Lowering your Cholesterol
Almost anyone can lower their cholesterol through lifestyle changes, even if you struggle because of genetic factors and require medication. You should have your cholesterol checked regularly. There are two kinds of cholesterol. LDL and HDL.
LDL (Low-Density Lipoprotein)
Your physician will watch this “bad” cholesterol because it can build up in your arteries and block the flow of blood to the rest of your body. A healthy LDL level is below 130.*
HDL (High-Density Lipoprotein)
This “good” cholesterol helps to remove the bad cholesterol. A healthy HDL level is above 50.*
*Your physician may recommend other numbers based on your health history.
Out with the bad, in with the good.
Here are three simple steps that can help to lower the “bad” and increase the “good”.
Step One - Stop Smoking
A lingering smoking habit could be lowering your good cholesterol level—not to mention increasing your risk for heart disease and several types of cancer. Your physician has likely encouraged you to quit - so if you haven’t heeded this advice, now is the time.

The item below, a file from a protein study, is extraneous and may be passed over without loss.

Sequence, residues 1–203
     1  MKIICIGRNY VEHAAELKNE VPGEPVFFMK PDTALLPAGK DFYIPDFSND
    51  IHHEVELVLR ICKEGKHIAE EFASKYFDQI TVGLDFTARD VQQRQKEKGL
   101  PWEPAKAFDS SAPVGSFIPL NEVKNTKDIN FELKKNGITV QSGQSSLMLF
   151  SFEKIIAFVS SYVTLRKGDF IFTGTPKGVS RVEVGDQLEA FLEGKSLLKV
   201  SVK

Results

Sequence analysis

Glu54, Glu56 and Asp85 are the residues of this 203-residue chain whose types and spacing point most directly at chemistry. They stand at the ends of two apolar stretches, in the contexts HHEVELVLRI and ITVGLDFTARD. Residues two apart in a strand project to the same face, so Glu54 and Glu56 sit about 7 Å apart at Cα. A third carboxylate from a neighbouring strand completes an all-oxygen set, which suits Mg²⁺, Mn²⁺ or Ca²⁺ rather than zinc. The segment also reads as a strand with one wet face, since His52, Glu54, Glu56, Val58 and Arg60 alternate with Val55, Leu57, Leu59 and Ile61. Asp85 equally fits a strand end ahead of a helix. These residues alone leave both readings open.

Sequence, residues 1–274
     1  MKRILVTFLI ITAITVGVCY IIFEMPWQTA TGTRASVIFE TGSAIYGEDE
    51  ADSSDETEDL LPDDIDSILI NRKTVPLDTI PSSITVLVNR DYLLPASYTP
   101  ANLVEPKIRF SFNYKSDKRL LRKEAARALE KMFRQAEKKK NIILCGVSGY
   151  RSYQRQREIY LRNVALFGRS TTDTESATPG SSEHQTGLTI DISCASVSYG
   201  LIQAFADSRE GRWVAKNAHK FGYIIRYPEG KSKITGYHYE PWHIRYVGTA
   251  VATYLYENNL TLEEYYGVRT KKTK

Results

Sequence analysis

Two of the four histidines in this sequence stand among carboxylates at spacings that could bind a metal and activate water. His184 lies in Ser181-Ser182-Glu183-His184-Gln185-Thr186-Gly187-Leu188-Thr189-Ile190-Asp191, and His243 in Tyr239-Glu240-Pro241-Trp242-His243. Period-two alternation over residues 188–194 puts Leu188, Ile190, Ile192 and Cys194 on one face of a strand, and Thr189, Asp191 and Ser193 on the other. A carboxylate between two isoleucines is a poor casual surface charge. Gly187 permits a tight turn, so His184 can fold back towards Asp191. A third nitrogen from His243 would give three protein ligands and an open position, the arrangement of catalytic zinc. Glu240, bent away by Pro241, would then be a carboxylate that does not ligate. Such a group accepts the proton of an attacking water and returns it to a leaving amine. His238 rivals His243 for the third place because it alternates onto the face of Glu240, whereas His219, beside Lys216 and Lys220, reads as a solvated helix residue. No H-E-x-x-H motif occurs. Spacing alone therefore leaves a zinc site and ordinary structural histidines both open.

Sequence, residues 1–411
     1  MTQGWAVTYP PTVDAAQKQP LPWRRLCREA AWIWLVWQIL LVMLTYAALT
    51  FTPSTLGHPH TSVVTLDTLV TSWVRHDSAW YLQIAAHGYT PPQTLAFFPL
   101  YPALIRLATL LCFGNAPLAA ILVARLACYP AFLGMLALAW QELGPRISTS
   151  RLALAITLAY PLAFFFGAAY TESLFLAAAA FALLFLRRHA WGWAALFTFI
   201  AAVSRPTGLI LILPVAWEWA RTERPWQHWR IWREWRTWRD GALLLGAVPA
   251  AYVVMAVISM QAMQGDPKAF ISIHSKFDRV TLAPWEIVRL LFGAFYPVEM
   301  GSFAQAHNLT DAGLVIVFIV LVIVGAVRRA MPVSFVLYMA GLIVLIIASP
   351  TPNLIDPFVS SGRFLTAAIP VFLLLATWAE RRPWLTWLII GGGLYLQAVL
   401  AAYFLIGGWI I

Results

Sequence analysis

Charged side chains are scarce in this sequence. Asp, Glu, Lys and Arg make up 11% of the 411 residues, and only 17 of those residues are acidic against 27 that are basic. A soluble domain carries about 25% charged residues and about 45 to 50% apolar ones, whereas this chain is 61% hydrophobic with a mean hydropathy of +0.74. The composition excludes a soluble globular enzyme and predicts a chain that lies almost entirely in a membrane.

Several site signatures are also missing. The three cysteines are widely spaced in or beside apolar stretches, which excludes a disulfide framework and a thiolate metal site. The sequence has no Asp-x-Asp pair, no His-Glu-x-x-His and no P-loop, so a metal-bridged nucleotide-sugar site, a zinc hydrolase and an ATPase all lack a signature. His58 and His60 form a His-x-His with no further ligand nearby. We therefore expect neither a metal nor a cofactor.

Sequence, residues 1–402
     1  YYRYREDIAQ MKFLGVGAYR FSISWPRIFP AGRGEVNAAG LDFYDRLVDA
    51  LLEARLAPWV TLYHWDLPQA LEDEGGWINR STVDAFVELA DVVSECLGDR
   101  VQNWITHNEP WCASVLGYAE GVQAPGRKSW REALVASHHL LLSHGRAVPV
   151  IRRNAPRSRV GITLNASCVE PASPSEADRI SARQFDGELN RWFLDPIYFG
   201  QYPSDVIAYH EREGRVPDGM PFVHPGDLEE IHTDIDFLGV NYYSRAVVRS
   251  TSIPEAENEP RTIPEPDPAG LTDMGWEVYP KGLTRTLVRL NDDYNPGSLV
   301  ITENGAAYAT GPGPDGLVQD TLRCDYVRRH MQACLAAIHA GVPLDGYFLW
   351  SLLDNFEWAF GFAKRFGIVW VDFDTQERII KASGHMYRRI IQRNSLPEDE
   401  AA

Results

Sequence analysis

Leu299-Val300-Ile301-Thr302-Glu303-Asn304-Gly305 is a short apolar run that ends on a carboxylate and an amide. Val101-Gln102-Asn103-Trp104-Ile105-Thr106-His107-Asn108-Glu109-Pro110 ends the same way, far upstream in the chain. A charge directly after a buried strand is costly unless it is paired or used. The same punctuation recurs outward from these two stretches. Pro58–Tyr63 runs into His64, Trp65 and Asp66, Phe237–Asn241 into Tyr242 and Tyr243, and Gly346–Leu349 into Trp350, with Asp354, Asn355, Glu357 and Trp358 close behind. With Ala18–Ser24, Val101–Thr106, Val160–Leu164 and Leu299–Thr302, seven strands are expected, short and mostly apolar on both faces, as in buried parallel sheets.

Step Two – Proper Nutrition
To lower LDL cholesterol, cut out unhealthy foods. Animal fat is the biggest no-no, according to the National Fiber Council. Be careful with dairy products and don't eat trans fats. Trans fats are often found in fried foods and commercial baked goods, such as doughnuts and cookies.
After eliminating some of the fats, it’s time to add foods high in nutritional value. Start with oatmeal for breakfast, eat plenty of fruits and vegetables, and try to incorporate more beans, soy protein, and whole grains. It may also be beneficial to increase the amount of fish and nuts that you eat.
Step Three – Start Moving
Now that your diet is healthier, it’s time to add exercise. The AHA recommends moderate to vigorous daily aerobic exercise such as dancing, running or cycling for at least 30 minutes per day.
As you incorporate these simple steps into your life, cholesterol may decrease, and you also reduce the risk of stroke, heart disease, and heart attack.